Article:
My one wish is that it had a hood for stormy conditions like my Ion windshirt.

Shop Beartooth, ION products at GearBuyer
Chris Ells
( strat1080 )
The Classic on 11/09/2009 20:03:24 MST Report Post Print

Rating: 5 / 5

This is a very good piece of gear that works quite well at what its intended to do. I really don't understand the comments about its weight. This isn't much heavier than any other windshirt plus a baselayer. That is the thing. This thing replaces your baselayer. Its designed for cool and breezy conditions. Mainly at higher altitudes. Its a baselayer plus windshirt. You'll be hard pressed to find a combination that is significantly lighter than this. I also think that this is the only windshirt that is truly a windshirt. You wear it like an actual shirt. Most windshirts are basically wind jackets. This is designed to be your baselayer in mountain conditions.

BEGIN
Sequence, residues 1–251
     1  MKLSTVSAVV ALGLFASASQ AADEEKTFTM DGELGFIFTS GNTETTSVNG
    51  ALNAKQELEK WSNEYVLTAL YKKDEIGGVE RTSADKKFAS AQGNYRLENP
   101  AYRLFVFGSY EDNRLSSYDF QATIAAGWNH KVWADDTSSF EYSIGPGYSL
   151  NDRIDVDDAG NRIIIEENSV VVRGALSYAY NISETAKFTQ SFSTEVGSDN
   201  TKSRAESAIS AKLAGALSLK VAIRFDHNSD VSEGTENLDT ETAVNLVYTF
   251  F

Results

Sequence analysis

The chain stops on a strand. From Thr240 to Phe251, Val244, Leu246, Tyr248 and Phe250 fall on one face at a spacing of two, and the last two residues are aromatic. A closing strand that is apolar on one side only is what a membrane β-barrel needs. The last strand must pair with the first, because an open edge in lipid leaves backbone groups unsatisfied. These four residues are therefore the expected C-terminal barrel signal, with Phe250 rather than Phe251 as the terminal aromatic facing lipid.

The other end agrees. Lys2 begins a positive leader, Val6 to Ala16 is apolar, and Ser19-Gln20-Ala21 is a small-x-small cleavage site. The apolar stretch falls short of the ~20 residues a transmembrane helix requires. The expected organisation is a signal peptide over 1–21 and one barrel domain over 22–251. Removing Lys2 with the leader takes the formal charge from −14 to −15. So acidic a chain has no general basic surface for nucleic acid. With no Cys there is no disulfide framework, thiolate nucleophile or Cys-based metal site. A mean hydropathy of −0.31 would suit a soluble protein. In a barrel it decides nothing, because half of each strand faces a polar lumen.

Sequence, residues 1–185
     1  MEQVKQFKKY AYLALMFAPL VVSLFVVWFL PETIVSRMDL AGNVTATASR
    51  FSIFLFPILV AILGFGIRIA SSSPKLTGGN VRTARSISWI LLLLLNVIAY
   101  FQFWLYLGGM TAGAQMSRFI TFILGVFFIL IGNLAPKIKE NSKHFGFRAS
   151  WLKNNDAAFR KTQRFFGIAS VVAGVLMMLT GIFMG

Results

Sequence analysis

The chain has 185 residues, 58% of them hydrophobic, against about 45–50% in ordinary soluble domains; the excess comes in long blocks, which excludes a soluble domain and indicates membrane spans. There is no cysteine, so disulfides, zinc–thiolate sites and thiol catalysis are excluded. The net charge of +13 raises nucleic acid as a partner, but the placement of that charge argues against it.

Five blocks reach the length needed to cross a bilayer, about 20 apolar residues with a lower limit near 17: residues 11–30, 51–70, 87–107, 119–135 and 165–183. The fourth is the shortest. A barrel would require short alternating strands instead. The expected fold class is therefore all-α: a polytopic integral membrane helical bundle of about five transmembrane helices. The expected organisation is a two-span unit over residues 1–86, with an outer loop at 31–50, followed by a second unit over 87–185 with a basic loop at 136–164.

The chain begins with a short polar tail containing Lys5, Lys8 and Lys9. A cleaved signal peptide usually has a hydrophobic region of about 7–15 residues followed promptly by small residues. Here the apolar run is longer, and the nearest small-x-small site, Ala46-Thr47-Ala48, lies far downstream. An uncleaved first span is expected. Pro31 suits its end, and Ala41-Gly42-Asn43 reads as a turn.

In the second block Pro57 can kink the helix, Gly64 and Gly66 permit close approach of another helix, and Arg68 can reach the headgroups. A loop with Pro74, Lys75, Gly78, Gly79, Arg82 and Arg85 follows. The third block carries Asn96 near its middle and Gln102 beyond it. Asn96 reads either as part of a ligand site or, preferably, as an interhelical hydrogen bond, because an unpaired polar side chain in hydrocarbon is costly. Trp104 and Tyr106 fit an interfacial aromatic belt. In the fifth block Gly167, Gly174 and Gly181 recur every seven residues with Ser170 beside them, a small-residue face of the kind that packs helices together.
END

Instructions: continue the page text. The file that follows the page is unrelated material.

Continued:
What I really like about this piece is that it simplifies my clothing system. I bring a silkweight baselayer to hike up the approach trails on climbs. At high altitude camp I can layer the Driclime over it. In warmer conditions I can use the Driclime by itself. Sometimes I will bring only the Driclime. You can pull up the sleeves and create a short sleeve shirt. The arm pit vents prevent you from overheating. Its a very versatile piece of gear. Sure its not an UL piece but I really don't get the overweight comments. At most you could save 2 oz by going with the lightest W/S available and your baselayer of choice. It suits my purposes well, which is high altitude hiking and climbing.

Edited by strat1080 on 11/09/2009 20:05:10 MST.